New museum director's focus on local history
By Aaron Moore
Published in News on August 1, 2012 1:46 PM
Brantley Partin, the new director of the Wayne County Museum, discusses plans for the museum as he stands in front of an exhibit. Partin, a Goldsboro native, previously worked at a Victorian home in Deadwood, S.D.
Brantley Partin knows the story of the Battle of Goldsborough Bridge. He knows where Union Gen. William Sherman stayed during his march through Wayne County.
But on the scale of local history, Partin said Sherman's March isn't as important as the daily march of farmers to their fields or the letters Wayne County soldiers sent their families from the front.
Partin is the new director of the Wayne County Museum. He just started last week, but already he said he's hoping to collect more old family stories from locals.
"I want to try to present the history of Wayne County, to get them interested in history," Partin said. "To give them a better appreciation of why the county is like it is today, the treasures it has."
Partin said he isn't as interested in state or national personalities or important national events. He just wants to bring more of Wayne County to the museum.
"I'm not looking for, 'George Washington came here and did this,'" he said. "There's only so much you can do with that. It's supposed to be about the local people who somebody from outside wouldn't know who they are."
One example, he said, is a letter he has from Sherman to a local woman, Mrs. Collier, apologizing for stealing her horses during his march through Goldsboro.
"It's a story that would never make the history books, but with a local impact," Partin said.
Most important, Partin said, is getting more young people in the museum to understand where their ancestors came from and how much life has changed in Wayne County, even in the last 50 years.
With changes in technology, Partin said many young people today would be amazed to see the level of sacrifice they would have had to give in centuries past.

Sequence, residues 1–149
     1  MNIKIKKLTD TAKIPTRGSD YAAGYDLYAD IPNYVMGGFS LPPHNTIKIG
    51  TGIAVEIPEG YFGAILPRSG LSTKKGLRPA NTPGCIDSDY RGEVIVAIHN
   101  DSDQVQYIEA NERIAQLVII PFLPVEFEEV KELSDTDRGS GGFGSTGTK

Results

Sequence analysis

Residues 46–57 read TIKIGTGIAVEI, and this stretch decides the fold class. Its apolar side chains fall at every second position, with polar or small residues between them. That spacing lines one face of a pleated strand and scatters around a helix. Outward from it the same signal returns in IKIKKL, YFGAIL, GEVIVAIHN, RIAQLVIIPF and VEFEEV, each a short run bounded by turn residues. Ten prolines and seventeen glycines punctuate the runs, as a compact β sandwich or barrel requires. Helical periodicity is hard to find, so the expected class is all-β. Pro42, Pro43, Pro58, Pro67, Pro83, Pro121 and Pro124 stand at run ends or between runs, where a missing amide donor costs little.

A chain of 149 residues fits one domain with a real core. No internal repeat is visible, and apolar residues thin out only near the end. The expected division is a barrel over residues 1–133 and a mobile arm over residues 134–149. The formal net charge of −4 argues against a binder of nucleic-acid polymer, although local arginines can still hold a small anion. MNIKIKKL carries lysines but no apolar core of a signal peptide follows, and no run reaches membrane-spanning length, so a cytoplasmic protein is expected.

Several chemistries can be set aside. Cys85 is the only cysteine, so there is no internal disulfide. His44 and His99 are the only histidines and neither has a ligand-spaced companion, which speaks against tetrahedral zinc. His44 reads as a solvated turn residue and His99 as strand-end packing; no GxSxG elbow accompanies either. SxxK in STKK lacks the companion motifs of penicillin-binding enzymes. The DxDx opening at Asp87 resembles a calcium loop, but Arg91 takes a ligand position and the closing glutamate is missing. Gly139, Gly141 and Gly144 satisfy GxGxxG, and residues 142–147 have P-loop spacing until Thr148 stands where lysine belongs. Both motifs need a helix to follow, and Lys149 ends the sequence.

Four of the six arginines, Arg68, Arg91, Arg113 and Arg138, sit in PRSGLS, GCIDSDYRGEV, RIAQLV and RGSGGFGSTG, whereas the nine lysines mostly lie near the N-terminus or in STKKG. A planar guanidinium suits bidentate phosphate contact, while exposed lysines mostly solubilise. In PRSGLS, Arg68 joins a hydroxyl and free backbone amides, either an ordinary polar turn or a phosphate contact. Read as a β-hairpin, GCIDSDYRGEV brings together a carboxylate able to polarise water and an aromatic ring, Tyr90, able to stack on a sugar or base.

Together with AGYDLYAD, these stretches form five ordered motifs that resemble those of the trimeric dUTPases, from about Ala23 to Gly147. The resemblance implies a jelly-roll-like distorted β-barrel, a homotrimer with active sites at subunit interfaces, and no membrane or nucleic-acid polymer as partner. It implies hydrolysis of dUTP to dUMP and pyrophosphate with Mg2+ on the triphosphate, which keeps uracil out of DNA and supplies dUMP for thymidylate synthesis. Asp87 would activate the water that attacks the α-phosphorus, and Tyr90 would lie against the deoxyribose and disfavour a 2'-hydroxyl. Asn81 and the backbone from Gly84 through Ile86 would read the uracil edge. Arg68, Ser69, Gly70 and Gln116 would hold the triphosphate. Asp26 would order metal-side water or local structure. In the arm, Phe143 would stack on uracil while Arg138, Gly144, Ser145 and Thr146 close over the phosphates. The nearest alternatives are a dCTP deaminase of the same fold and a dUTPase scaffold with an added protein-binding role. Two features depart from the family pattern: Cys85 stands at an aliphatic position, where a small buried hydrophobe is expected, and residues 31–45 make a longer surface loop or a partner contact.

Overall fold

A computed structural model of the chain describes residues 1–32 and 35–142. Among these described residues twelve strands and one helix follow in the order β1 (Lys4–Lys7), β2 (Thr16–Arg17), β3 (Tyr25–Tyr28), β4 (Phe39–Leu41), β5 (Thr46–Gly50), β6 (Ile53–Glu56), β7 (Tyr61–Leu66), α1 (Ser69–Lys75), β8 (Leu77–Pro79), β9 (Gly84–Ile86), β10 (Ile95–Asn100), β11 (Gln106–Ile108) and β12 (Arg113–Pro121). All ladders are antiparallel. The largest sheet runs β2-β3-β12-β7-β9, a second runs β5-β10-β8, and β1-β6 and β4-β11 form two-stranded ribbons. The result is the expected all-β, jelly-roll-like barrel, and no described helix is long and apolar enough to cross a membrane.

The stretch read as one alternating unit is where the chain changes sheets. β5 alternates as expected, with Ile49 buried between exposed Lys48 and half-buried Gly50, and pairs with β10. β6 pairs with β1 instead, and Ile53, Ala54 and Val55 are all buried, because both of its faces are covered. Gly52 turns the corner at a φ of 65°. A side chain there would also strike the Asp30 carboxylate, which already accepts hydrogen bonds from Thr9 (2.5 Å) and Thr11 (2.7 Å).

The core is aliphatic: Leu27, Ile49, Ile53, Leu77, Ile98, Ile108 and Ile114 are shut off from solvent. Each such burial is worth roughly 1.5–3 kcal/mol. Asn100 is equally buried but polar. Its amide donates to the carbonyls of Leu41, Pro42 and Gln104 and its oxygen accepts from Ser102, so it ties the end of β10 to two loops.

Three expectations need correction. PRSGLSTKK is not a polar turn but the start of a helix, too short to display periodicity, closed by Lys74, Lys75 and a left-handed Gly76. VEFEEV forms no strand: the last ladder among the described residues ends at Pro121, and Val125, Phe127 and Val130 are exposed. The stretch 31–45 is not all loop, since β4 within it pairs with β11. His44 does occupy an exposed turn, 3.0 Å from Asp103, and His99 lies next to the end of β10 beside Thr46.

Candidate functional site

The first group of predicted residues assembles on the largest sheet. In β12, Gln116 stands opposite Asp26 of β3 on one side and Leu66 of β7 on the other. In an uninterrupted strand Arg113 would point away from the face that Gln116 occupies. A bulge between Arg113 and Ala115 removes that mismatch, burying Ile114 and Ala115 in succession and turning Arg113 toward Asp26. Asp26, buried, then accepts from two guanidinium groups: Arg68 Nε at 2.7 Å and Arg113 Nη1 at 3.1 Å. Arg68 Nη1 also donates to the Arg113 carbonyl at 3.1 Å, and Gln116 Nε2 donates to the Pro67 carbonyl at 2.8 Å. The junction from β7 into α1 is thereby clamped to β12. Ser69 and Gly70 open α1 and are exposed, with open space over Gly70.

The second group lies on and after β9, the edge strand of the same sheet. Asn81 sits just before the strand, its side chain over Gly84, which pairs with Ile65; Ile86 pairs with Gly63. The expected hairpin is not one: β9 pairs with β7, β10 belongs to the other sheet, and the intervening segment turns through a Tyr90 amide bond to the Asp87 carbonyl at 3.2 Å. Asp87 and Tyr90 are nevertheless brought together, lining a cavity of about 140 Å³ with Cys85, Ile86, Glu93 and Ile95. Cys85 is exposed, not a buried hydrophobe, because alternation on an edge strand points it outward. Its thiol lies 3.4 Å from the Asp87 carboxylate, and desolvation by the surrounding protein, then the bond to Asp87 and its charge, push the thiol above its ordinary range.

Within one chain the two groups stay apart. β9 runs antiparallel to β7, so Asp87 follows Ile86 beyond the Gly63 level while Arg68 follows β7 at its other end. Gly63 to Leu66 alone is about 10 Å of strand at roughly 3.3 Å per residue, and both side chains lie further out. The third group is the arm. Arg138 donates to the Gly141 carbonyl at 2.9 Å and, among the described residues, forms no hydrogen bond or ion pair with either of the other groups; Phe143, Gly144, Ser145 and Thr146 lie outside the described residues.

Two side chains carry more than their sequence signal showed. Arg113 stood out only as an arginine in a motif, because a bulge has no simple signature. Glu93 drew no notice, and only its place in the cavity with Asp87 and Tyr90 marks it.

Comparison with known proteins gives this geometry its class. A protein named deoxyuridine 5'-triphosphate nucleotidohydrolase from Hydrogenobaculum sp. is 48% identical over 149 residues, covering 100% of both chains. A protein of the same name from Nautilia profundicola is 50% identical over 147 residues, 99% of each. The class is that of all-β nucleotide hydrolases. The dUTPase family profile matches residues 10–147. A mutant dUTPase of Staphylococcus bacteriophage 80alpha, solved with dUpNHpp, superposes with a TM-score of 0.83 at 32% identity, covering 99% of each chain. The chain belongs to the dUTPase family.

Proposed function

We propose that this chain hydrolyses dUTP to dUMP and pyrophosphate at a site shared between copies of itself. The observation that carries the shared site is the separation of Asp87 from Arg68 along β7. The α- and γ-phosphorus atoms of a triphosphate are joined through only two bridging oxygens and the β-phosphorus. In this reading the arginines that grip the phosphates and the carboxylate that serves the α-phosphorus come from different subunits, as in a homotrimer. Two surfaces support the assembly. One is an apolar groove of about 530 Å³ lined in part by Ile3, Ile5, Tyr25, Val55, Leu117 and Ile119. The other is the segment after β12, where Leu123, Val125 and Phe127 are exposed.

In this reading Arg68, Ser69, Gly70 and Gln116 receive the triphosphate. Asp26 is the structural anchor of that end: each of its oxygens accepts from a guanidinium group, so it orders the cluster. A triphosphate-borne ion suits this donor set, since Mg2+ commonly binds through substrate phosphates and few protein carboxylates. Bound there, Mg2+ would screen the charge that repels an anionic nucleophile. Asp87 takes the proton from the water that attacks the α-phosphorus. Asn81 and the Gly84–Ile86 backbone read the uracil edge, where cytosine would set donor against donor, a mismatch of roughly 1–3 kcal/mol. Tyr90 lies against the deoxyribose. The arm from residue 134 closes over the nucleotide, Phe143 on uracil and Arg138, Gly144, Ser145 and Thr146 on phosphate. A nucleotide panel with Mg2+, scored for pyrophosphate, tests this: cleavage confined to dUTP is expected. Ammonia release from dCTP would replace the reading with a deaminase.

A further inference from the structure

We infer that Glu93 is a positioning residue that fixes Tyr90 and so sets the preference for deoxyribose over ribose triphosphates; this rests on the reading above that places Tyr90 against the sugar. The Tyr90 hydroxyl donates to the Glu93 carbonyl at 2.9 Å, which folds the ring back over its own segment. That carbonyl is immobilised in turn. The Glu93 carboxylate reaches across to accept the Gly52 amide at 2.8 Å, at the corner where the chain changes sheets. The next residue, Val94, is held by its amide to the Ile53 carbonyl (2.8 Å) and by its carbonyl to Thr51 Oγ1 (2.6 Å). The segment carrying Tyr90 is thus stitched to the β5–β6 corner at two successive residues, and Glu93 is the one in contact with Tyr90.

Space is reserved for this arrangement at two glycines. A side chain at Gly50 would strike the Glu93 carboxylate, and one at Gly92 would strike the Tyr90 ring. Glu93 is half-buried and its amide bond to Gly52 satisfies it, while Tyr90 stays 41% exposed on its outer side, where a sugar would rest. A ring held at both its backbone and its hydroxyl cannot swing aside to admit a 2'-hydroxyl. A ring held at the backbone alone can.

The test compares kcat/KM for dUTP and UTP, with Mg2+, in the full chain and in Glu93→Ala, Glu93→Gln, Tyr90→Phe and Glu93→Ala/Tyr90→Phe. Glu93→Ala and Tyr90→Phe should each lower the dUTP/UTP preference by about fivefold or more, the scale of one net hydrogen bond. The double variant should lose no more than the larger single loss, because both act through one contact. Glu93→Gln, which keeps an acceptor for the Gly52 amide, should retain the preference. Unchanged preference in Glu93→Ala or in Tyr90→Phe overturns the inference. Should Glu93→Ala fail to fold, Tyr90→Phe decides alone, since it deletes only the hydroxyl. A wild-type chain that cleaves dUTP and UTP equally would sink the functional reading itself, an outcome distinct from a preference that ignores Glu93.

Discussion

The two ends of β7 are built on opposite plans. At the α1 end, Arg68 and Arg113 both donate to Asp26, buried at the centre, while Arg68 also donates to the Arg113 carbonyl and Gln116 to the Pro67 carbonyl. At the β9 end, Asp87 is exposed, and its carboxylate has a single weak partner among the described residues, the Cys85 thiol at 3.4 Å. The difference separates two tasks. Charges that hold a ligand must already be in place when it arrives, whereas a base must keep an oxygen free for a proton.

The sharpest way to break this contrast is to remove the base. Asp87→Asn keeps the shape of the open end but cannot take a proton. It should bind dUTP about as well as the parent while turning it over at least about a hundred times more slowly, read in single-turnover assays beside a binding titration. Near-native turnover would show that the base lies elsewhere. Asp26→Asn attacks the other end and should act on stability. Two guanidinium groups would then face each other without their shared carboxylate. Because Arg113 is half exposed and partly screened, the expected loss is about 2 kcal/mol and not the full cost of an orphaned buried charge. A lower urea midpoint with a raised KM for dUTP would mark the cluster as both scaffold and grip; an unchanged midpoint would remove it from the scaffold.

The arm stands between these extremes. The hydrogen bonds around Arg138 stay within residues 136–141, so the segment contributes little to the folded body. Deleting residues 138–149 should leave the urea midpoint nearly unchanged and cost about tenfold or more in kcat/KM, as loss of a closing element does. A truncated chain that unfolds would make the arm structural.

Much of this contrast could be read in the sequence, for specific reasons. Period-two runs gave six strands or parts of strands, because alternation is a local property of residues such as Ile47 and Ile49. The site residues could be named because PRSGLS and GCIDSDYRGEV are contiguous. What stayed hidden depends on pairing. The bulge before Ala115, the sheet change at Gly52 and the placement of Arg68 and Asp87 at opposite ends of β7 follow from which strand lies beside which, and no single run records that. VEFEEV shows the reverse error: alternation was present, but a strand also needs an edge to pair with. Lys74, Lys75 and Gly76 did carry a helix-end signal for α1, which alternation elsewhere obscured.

"There was very little education for kids, even until the 30s," he said. "Kids were expected to help in the fields. You had to help the family get food or you would starve."
And Partin said he wants young people to understand the impact agriculture has had on building the county.
"Wayne County has an incredibly important agricultural history," Partin said.
Though he grew up in Goldsboro, Partin -- who has a masters in American history and museum studies from the University of North Carolina at Greensboro -- is coming to the museum post from a curator position in Deadwood, S.D.
He said his most important goal is to get Wayne County citizens into the museum and sharing their family history.
"I want to get the public involved. That's my number one goal," Partin said. "I want to get programs in place and get children interested."
To do that, though, Partin said he will need volunteers from the community -- anyone with even a small interest in history who wants to help pass it to the next generation.
"That's where you have to start, is young kids," Partin said. He said he wants youth to know that the museum is their link to the past.
"That's what makes you, is what comes before you," he said.
He also said he's interested in any old historical items people might have, as long as they know the history behind it.
For information on volunteering or donating historical items, contact the museum at 734-5023 or email@example.com.